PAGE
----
Sunshine meant we would definitely tackle Stelvio today. We had heard from Peter and Florian, our tour leaders, about this difficult mountain pass. We’d also spoken with several motorcycle riders we  met at rest stops the past two days, and all of them warned of Stelvio’s technical turns as well as the incredible views. This was the mountain pass we’d been waiting for, and when we saw the sign that announced "14 tornanti", or hairpin turns, ahead, we knew we were in for some real fun. Not only could I watch the riders ahead of me as they wound their way up the mountain above the treeline, but I could also look back down the mountain and see what we had just ridden as more bikes swept up behind us. Mike kept his eyes on the road, waiting for the video and pictures later that night to finally see all of the majestic scenery.

this is what we rode UP!

We were ecstatic and relieved to make it to the top of the mountain, and even rode up a short, steep path to a look-out known as Tibet for even more incredible views.
view from 'Tibet'
After a short break, we headed down the mountain, traversing more hairpin turns until we zoomed into the valley.
the route down Stelvio

We had about 45 miles to go to our hotel in Serfaus, Austria, a resort village in the Tyrol at 4600', which meant we drove up even more switchback turns. We relieved the thrills of the day and shared stories about bikes and travels over dinner, going to bed early to get ready for another day tomorrow - into Switzerland!

Sunday, September 4, 2011

A day in the gorgeous South Tyrol

We spent the entire day today in Italy, or more correctly in the South Tyrol . It seemed like everyone decided to spend a beautiful Sunday morning in the mountains. We passed motorcycle groups, a long line of antique Fiat Topolino cars, tour busses, and people hiking up the mountains. This area is filled with ski areas, from small local places to large, extravagant resorts. Most had gondolas operating today to ferry people up and down the mountain. Don't miss today's video:
The views continued to be incredible, and I even spied the largest glacier in the Dolomites:  the Marmolada (Queen of the Dolomites) at 10,964’ elevation.

Now that everyone is more comfortable handling the hairpin turns on the mountain passes, we typically start as a group at the bottom of the pass, then ride at our own pace to the top where we meet up to talk about the adventure before heading off, again at our own pace, to another meeting point on the valley floor below. At the top of one this morning’s passes, we saw several cars brightly decorated, and one with “” painted on the sides in large letters. 4 men wearing orange jumpsuits jumped out of the car, and we couldn’t resist talking with them. They’re from the UK, part of a large group who purchases cars for no more than 300 each, decorates them with a theme, and sets off on a European trip. They’re on their way to France, having lots of fun and hoping the cars hold together.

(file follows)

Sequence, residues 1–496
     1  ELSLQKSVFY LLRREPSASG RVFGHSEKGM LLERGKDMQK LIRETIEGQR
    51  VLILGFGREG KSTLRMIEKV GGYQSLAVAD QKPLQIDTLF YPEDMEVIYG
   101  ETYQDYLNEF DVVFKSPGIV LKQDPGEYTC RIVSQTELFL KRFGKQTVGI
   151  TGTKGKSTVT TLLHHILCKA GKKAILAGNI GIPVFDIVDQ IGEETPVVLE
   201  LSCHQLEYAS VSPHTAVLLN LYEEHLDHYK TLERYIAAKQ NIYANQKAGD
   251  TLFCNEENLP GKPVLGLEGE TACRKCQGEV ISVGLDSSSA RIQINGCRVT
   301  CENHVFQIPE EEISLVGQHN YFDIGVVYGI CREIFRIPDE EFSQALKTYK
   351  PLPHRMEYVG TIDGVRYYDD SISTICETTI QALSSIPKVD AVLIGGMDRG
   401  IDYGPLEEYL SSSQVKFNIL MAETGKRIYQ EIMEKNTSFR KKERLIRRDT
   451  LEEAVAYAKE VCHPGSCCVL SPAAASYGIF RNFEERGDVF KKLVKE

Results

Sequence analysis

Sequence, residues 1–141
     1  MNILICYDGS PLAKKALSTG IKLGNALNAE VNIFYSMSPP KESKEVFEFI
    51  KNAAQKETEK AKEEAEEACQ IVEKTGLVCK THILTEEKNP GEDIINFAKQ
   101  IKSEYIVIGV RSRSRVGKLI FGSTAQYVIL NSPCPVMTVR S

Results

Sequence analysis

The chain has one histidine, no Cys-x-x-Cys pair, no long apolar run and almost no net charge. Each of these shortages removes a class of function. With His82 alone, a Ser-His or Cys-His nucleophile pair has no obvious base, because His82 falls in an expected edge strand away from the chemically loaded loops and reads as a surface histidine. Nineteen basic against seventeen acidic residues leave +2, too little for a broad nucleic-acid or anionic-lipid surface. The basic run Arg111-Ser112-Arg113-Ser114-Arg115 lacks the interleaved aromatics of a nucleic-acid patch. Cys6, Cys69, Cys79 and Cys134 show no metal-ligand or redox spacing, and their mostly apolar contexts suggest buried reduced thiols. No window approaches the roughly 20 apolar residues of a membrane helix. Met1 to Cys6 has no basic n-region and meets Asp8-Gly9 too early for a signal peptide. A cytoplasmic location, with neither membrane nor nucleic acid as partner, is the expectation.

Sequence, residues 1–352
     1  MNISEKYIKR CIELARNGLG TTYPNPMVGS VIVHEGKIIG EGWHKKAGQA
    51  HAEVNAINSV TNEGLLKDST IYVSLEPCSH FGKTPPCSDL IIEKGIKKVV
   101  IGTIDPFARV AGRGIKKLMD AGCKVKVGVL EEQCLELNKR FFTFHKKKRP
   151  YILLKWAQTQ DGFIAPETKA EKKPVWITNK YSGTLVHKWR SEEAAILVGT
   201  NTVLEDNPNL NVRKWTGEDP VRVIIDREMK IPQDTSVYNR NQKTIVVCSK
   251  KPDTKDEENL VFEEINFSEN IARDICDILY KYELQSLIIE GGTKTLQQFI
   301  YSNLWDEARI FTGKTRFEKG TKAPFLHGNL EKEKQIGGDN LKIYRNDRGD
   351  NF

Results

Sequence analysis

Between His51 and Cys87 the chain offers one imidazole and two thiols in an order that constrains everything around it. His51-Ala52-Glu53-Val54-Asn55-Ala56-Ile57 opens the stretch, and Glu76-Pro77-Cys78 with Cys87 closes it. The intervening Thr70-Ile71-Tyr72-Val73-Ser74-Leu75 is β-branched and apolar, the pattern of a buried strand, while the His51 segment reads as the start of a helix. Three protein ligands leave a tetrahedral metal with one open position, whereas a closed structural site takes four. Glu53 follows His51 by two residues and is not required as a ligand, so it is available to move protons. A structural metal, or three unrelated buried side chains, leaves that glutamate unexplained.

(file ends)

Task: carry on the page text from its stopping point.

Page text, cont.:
We stopped for a morning coffee break at the top of Corvara Grödnerjoch, where a local farm family makes their summer home. Their original wooden house is at least 300 years old, with a larger, new home built within the past 3 years. They serve beverages and lunch on the porch, surrounded by mountains in every direction. This sure beats a traditional coffee shop for atmosphere and taste!
300 year old farmhouse

barn at Corvara Grödnerjoch

This was our last day in the Dolomites, and the Jaufenpass took us into a beautiful green valley in the Alps. We zipped along the wine road to Meran, enjoying the opportunity to ride a bit faster, but also missing the thrill of the twisty, narrow mountain roads. The valley is lined with vineyards for the local wine, and also seemingly millions of apple trees.
on the way to Meran
The only downside was the rain that started on the top of the last pass, and continued throughout the afternoon. I glimpsed beautiful homes and tree-lined streets in Meran through my rain-spattered helmet, but stayed dry with my Frogg Togg waterproof clothing. Jay and Barb actually know the women who started this company; motorcycling is a small world!
Our day ended in Kastelbell Tschars, our last night in the SüdTirol in Italy. Everyone here speaks German, even though they’re Italian citizens. Tirol was once an autonomous region of Austria, but after WWI was divided, with the southern section going to Italy. The people in this region consider themselves Tiroleans, not Italians, and proudly maintain their culture and language. I never would have experienced all of this on a typical trip to Europe – another benefit of riding pillion on a motorcycle!